Part of Jorg Haider's platform is the expulsion of foreign
workers from Austria.
The issue of immigration was a major one in America in the
1990's and was an important reason for the success of the
Republicans in the off-year elections of 1994. In California,
one of the most passionately contested ballot initiatives
was Proposition 187, promoted by its proponents as the "Save
Our State" initiative. Proposition 187 called for barring
illegal immigrants from public schools and other public services,
including all but emergency public health care; it required
state and local agencies, including doctors and school teachers,
to report suspected illegal immigrants to the state attorney
general and to the US Immigration and Naturalization Service;
for the attorney general to maintain records and report to
the INS; and to make a felony of the manufacture, distribution
or sale of false citizenship and residency documents. Proponents
of Proposition 187 asserted that illegal immigrants cross
the border into California from Mexico because they are attracted
to state social services and by denying them those services,
immigration would be stopped (see http://www.calvoter.org/archive/94general/props/187.html).
This argument was adopted by the then-governor of California,
Pete Wilson, who made support for the initiative a centerpiece
of his campaign. In his support for Proposition 187, Patrick
Buchanan added to these arguments those that Proposition 187
"are grounded in the warring ideas that we Americans hold
about the deepest, most divisive issues or our time: ethnicity,
nation, culture" (see http://www.buchanan.org/pa-194-1031.html).
Buchanan asked his readers: "Do we have the right to shape
the character of the country our grandchildren will live in?
Or is that to be decided by whoever, outside America, decides
to come here?"
The phrasing of Buchanan's question is quintessential yuppie
fascism. "We" are an exclusive group and "we" have the right
to say who can join our exclusive little club and under what
circumstances. Buchanan calls for a "time-out" on immigration,
"to assimilate the tens of millions who have lately arrived."
Buchanan believes that anyone can come here and "become a
good American." What is between the lines of Buchanan's article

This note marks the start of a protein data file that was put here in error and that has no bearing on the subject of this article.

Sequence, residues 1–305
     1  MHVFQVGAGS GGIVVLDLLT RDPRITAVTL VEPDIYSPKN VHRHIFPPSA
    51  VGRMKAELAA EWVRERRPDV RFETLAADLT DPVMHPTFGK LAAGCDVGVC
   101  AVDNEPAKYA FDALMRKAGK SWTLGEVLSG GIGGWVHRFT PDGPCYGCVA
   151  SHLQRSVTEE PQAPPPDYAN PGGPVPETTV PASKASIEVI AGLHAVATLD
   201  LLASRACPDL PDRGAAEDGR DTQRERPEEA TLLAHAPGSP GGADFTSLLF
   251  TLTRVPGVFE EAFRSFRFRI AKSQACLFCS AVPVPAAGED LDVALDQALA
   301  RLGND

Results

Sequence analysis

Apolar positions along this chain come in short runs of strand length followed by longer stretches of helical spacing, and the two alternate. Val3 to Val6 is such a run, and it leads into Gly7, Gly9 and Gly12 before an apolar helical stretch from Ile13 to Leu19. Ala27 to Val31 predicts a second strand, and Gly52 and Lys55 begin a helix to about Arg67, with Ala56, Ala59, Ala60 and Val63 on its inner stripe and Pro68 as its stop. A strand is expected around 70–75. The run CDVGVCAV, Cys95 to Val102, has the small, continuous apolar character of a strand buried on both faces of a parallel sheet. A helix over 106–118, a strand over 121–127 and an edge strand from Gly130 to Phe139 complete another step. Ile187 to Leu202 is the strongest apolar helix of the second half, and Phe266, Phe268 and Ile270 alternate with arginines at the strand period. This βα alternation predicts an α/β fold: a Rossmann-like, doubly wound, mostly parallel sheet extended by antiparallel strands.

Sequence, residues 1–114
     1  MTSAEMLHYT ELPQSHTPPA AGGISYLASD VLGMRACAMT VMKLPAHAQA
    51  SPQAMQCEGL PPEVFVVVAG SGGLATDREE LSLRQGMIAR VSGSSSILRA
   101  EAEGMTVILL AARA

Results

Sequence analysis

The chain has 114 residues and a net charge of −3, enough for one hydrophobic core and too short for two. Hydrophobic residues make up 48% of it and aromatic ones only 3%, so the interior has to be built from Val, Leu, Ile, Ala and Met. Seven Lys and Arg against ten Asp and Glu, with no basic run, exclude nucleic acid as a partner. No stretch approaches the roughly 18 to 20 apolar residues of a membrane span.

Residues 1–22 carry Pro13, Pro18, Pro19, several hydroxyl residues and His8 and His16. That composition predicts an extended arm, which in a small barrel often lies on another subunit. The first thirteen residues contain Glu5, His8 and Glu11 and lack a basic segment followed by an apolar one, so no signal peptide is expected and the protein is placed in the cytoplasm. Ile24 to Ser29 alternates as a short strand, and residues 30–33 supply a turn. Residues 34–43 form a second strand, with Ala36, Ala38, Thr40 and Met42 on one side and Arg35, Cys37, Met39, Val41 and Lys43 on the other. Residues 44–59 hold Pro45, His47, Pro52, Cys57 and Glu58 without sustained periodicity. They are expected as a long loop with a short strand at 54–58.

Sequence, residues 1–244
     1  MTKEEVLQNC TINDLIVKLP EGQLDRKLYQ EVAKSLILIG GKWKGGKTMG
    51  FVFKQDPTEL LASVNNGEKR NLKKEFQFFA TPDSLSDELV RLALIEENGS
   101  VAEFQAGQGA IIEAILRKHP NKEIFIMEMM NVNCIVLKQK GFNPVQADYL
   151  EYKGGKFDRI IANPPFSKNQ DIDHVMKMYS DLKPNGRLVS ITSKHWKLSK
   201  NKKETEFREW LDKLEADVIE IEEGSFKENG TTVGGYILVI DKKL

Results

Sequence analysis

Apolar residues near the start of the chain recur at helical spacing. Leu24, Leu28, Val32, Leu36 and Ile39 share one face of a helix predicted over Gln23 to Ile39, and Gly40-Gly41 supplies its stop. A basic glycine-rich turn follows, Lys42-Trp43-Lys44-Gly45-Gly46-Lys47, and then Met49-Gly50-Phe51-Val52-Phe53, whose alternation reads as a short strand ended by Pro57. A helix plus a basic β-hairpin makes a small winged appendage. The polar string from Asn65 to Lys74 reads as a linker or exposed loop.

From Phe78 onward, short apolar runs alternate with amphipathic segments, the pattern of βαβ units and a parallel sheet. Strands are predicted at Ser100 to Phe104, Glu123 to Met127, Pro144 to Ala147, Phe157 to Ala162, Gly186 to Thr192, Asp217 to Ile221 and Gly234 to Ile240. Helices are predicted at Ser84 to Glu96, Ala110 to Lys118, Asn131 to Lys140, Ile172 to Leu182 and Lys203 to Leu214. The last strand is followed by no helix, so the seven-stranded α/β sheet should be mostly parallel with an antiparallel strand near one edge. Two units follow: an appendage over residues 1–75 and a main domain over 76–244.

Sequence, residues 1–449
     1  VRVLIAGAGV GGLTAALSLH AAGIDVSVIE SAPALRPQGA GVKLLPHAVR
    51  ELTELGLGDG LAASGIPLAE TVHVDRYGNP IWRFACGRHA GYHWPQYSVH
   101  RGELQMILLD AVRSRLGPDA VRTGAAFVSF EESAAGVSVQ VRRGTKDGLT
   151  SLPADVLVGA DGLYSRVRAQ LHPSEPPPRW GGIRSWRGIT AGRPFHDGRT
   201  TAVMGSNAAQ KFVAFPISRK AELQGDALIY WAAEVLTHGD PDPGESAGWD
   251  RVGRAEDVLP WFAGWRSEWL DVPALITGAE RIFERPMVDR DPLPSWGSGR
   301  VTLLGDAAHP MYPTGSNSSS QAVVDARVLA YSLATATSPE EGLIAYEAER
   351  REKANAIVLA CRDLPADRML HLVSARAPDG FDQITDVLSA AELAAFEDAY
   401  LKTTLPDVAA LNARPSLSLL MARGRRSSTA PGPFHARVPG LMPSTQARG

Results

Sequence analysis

is that by "good American" he means that the immigrants must
embrace Anglo-American culture, customs and values. It's as
though Buchanan is saying that anybody, regardless of race,
color or creed, can become a White Christian Capitalist. All
others should be excluded.
Opponents of Proposition 187 had a number of arguments against
the initiative. They argued, perhaps incorrectly, that beefing
up border patrols would better solve the problem (in reality,
in the face of increased border patrols, illegal immigrants
have only found new and more dangerous routes across the border).
Opponents also wanted to see law enforcement crack down on
employers who hire illegal immigrants, a feature absent from
the initiative. If those arguments didn't work, there was
always the argument that it would cost up to 150 times more
to enforce Proposition 187 than the state was losing by providing
social services to illegal immigrants. However, what opponents
of Proposition 187 couldn't hide was their horror and revulsion
at an initiative that was thinly-disguised racism.
Going into the campaign, Pete Wilson's job approval ratings
in California were extremely low. During the campaign, Californians
really didn't warm up to him. Nevertheless, by taking tough
stands on immigration and crime, Wilson easily won reelection.
It is hard to think of Pete Wilson as a racist on a personal
level. Indeed, Wilson would denounce in strong terms the crude
racist elements in the Republican Party - and actually named
such offenders as David Duke and Patrick Buchanan. However,
while Wilson was making such statements out of one side of
his mouth, he endorsed an initiative these yuppie fascists
could have written.
The success of Proposition 187 was so impressive that the
Republicans took it to a national level. The elections of
1994 brought the GOP into control of both houses of Congress
for the first time since the first two years of the Eisenhower
administration and made Newt Gingrich speaker of the house.
The House passed the Immigration Reform and Immigrant Responsibility
Act of 1996. This act constitutes not merely a remedy for
illegal immigration, but had many consequences for legal immigrants
as well. Under section 303 of the act, an immigrant convicted
of a crime is to be detained by the INS upon his release;
under section 304, the detainee is entitled only to a single
deportation hearing; under section 306, judicial review of
the deportation process is denied (see http://www.takatalaw.con/us/iract96.html).
Cases exist where the detainee's country of origin has refused
to take back the alien. In such cases, detention is indefinite.
Many court cases are pending.
Even tougher immigration legislation was passed by Congress
in the wake of the September 11 attacks. Instead of being
convicted of a crime, a non-citizen need only be detained
and deportation proceedings started on the certification of
the attorney general that there are grounds to believe that
the alien is a threat in any way to national security (see
Again, the alien is detained until his country of origin agrees
to allow him to return. Since that might not happen in the
case of one labeled a terrorist, detention is potentially
Immigrants are by definition not citizens; it therefore seems
specious to argue that they are being denied the rights of
citizenship in the conventional sense. However, immigrants
from underdeveloped countries migrant to developed nations
in Europe and North America with or without proper documentation
or authority to seek a better life with higher-paying jobs
than they can find in their own country. The yuppie fascist
argument is that these people are undeserving of such opportunities.
Since the Republican takeover of Congress immigrants are
not the only targets of yuppie fascist legislation. A good
example is the so-called Personal Responsibility and Work